SACES evaluation of Automated Risk Monitoring system at Adelaide Casino released

The Independent Gambling Authority (IGA) for South Australia has published a report by SACES on the Automated Risk Monitoring (ARM) system at the Adelaide Casino.

In May 2014, the Adelaide Casino (part of the Skycity Entertainment Group) was permitted to operate a cashless gaming system provided an ARM system and a pre-commitment system were also operational.

The ARM system detects, and allow Casino staff to intervene in, apparent or suspected cases of problematic gambling, which is defined as experiencing difficulties in limiting money and/or time spent on gambling, leading to adverse consequences for the gambler, others or the community.

The system currently alerts Adelaide Casino staff to players who have engaged in four, six or eight hours of continuous play, or have exceeded a pre-set dollar turnover within a given time of play (a ‘hot player’ alert).  The system applies to automated or semi-automated gaming, not to table games.

The Casino’s pre-commitment system allows patrons to set their own limits on the maximum amount they wish to spend gambling during a single visit. The ARM and pre-commitment systems run in parallel and are not connected.

The IGA commissioned SACES to review the extent to which the ARM system at Adelaide Casino was compliant with the 2014 agreement.

The Casino is expected to respond to risk alerts, which are sent as notifications to staff smart phones and desktop computers.  Alerts trigger a sequence of actions, reflecting the level of concern about a player’s behaviour.  They range from non-interactive observation of player behaviour, direct engagement with players, reviewing electronic records (to ascertain the patron’s recent playing record and typical playing behaviour, if a registered player), and, if necessary, initiating a process of case management or barring the player.

Alert records showed that:

  • The Adelaide Casino dealt with approximately 5,000 alerts in 2015 and again in 2016.
  • Pre-commitment was rarely availed of and typically used for low value gambling.
  • The vast majority of time alerts were triggered by players who were gambling using loyalty cards; in contrast, ‘hot player’ alerts were typically triggered by anonymous players.

The study found that, generally, the Adelaide Casino was meeting the specification required and outlined in the agreement with the IGA, with some areas for improvement:

  • Staff were found to have a good understanding of the ARM system, its purpose and actions required from staff in response to alerts.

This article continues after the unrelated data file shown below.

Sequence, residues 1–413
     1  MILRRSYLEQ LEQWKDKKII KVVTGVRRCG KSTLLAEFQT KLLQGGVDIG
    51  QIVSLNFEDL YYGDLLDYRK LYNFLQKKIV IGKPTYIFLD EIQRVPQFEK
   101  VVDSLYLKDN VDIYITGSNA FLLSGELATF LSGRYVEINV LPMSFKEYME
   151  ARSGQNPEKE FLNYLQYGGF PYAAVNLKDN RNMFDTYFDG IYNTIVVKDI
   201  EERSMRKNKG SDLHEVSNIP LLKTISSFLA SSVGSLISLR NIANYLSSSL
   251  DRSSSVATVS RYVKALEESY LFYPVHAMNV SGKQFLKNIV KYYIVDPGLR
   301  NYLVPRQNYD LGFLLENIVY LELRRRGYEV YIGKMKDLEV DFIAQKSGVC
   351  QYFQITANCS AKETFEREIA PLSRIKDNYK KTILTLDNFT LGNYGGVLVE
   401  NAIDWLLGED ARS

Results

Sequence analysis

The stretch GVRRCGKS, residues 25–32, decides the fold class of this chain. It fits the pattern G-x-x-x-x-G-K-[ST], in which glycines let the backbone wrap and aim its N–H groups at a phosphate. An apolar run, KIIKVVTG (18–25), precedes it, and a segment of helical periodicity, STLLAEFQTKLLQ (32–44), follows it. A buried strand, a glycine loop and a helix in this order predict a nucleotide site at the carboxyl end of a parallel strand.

• For 6 and 8 hour alerts, desktop reviews were the most frequent action taken; whereas player observation was the principal action in response to 4-hour alerts; responses to ‘hot player’ alerts, however, were not recorded.
  • Time lapse between an alert and staff action was typically within the 5 to 15 minutes stipulated by the agreement between IGA and the Casino; but response times varied greatly and, for some time alerts, no responses were recorded.
  • There was a risk that problematic gambling might not be detected as the ARM system was unable to identify multiple sessions played at different gaming machines by a player not using a loyalty card.
  • During the first three years of operation, there was not evidence that the ARM system had reduced the incidence of problematic gambling; however, Casino staff argued the system had directed their attention to players and player behaviours that might otherwise have gone unnoticed.

The report makes a number of recommendations to improve the operations of the ARM system, including

  • Ensuring all alerts are attended in person (and not limited to a desktop review)
  • Actions following ‘hot player’ alerts are logged.
  • Recording and analysis of time spent gambling and betting volumes in order to get a better understanding of how the two gambling risk indicators relate to alert types, and to validate alert thresholds.

The report can be downloaded from the IGA website here.

This entry was posted in Andreas Cebulla, Gambling Research, Michael O'Neil, Reports. Bookmark the permalink.

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